From today’s Land Use Information Bulletin: A sloped site in East Admiral that was first proposed for a multi-house subdivision almost eight years ago is moving more deeply into the review/approval process. A 14-house proposal is now in the works for 3601 Fauntleroy Avenue SW, which is hard to find on online maps, but documents in the project file show it’s in the vicinity of 33rd SW & SW Spokane, just northwest of where Admiral Way meets the West Seattle Bridge, and you can get a better idea from this map in the plans filed online:
The land, currently undeveloped, is zoned single-family 5000. The LUIB notice says the application would require “administrative conditional-use” approval because of “clustered housing in a steep-slope area,” and an environmental determination. Comments on the revised application will be accepted through August 26th, says the city (unless someone requests and is granted an extension). It proposes 14 houses with offstreet parking for 28 vehicles, to be developed by West Seattle-based Inhabit LLC, which was also the applicant when this site appeared in DPD records as a possible 21-house project in August 2007, and is shown in county records as owning other undeveloped parcels nearby. You can comment via this form linked to the city notice, or via contacting the assigned DPD planner, Michael Dorcy, email@example.com.
Time to think fall sports – including the West Seattle YMCA (WSB sponsor) outdoor-soccer program. It’s signing up players ages 3-11 right now:
Our Y soccer leagues provide players with skill-building activities in a variety of subjects such as passing, dribbling, shooting and defense. Appropriately sized soccer balls and fields are used for each age group. We emphasize sportsmanship, skill-building, participation, friendship and fun.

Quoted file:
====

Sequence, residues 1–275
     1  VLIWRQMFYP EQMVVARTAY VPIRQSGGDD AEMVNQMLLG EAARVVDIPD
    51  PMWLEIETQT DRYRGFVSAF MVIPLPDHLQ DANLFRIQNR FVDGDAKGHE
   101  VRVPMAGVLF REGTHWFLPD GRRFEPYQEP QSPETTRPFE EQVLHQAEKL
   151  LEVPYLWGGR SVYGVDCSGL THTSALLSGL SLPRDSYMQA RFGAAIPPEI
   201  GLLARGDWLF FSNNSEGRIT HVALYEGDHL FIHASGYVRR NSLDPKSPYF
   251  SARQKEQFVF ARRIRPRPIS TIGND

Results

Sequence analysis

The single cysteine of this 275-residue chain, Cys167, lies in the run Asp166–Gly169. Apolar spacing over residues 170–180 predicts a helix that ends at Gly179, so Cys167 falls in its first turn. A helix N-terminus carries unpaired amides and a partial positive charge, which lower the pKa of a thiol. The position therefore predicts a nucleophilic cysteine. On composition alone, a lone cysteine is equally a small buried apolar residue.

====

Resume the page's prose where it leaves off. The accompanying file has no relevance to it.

WHEN & WHERE
Practices start the week of September 14th at High Point fields. Games are on Saturdays, September 26th through November 14th, at Roxhill Park or Lincoln Park.
3-year-olds, Pre-K & Kindergarten, 1st & 2nd Grade, 3rd & 4th Grade
FEES & REGISTRATION
Facility Members $75, Community Participants $132. Register by August 28th – at the Y or online, by going here
Questions? Coach Mike Bober is at firstname.lastname@example.org or 206-937-1000.
(Four WS-relevant views; more cams on the WSB Traffic page)
6:21 AM: Good morning! We start with today’s alerts:
SW ORCHARD PAVING: Today’s the day Seattle Public Utilities‘ ongoing project at Orchard/Delridge expects to start repaving work, which means lane closures starting as early as 7:30 am on the westbound side.
BEACH DRIVE/LINCOLN PARK BICYCLIST ALERT: We’ve been sharing traffic alerts related to the Murray CSO Control Project for a long time – and there’s a new one this morning, specifically for bicycle riders using the south end of Beach Drive and the connecting Lincoln Park trail:
King County wants you to know about uneven road conditions along the 7000 block of Beach Dr. SW, just north of the trail into Lincoln Park. Due to a King County sewer project the road next to Lowman Beach Park could have loose gravel, pavement cuts, uneven surfaces, and steel plates on it for the next three months. To protect public safety, a number of vehicle and pedestrian restrictions are now in effect. Flaggers directing traffic around the site will ask bicyclists to walk their bikes through the area during work hours. Car access is limited to local and emergency access only. Pedestrians are being directed to the western sidewalk around the work area. This work is part of a King County project to build an underground storage tank that will keep sewage and stormwater out of Puget Sound during storms. Thank you for your patience during construction – and stay safe! For more information, please contact the 24-hour construction hotline: 206-205-9186.
ALONG CHARLESTOWN: Before that big blue water tank, Charlestown/40th was home to a collection of storage tanks. The photo, dated 1923, is from the Seattle Municipal Archives. Click it to open the page with a full-size view.
8:18 AM: From SDOT, a bridge alert:
Reported stall partially blocking the EB West Seattle Br 1st Ave S off-ramp. Please be cautious. pic.twitter.com/Cj7us0zZXC
— seattledot (@seattledot) August 13, 2015
8:37 AM: SDOT says that stall has now “cleared the roadway.”
8:48 AM: Next traffic alert that might affect the outbound commute – a crash on northbound I-5 at Seneca.